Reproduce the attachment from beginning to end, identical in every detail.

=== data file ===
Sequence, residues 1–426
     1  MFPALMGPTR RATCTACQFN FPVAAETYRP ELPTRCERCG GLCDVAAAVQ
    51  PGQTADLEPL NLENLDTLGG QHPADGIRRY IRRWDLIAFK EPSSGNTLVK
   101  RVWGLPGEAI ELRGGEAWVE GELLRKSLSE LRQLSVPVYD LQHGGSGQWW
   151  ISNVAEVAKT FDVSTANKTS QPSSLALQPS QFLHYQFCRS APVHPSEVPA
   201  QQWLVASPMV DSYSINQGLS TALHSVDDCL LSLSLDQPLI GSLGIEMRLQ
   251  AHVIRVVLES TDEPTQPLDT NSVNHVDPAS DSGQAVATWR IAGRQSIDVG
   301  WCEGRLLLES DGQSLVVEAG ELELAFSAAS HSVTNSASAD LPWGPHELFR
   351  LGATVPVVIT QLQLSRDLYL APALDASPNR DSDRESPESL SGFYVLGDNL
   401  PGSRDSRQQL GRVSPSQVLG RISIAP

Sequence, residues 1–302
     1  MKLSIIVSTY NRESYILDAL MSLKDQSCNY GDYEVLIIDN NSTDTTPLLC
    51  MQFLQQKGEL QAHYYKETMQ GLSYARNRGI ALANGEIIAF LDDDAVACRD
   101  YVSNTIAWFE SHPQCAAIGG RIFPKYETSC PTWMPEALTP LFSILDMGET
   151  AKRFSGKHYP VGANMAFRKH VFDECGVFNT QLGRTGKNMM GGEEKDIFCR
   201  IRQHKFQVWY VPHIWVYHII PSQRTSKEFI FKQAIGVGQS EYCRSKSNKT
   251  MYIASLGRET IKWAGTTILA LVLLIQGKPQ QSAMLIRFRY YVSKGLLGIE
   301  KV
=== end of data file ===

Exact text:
Sequence, residues 1–426
     1  MFPALMGPTR RATCTACQFN FPVAAETYRP ELPTRCERCG GLCDVAAAVQ
    51  PGQTADLEPL NLENLDTLGG QHPADGIRRY IRRWDLIAFK EPSSGNTLVK
   101  RVWGLPGEAI ELRGGEAWVE GELLRKSLSE LRQLSVPVYD LQHGGSGQWW
   151  ISNVAEVAKT FDVSTANKTS QPSSLALQPS QFLHYQFCRS APVHPSEVPA
   201  QQWLVASPMV DSYSINQGLS TALHSVDDCL LSLSLDQPLI GSLGIEMRLQ
   251  AHVIRVVLES TDEPTQPLDT NSVNHVDPAS DSGQAVATWR IAGRQSIDVG
   301  WCEGRLLLES DGQSLVVEAG ELELAFSAAS HSVTNSASAD LPWGPHELFR
   351  LGATVPVVIT QLQLSRDLYL APALDASPNR DSDRESPESL SGFYVLGDNL
   401  PGSRDSRQQL GRVSPSQVLG RISIAP

Sequence, residues 1–302
     1  MKLSIIVSTY NRESYILDAL MSLKDQSCNY GDYEVLIIDN NSTDTTPLLC
    51  MQFLQQKGEL QAHYYKETMQ GLSYARNRGI ALANGEIIAF LDDDAVACRD
   101  YVSNTIAWFE SHPQCAAIGG RIFPKYETSC PTWMPEALTP LFSILDMGET
   151  AKRFSGKHYP VGANMAFRKH VFDECGVFNT QLGRTGKNMM GGEEKDIFCR
   201  IRQHKFQVWY VPHIWVYHII PSQRTSKEFI FKQAIGVGQS EYCRSKSNKT
   251  MYIASLGRET IKWAGTTILA LVLLIQGKPQ QSAMLIRFRY YVSKGLLGIE
   301  KV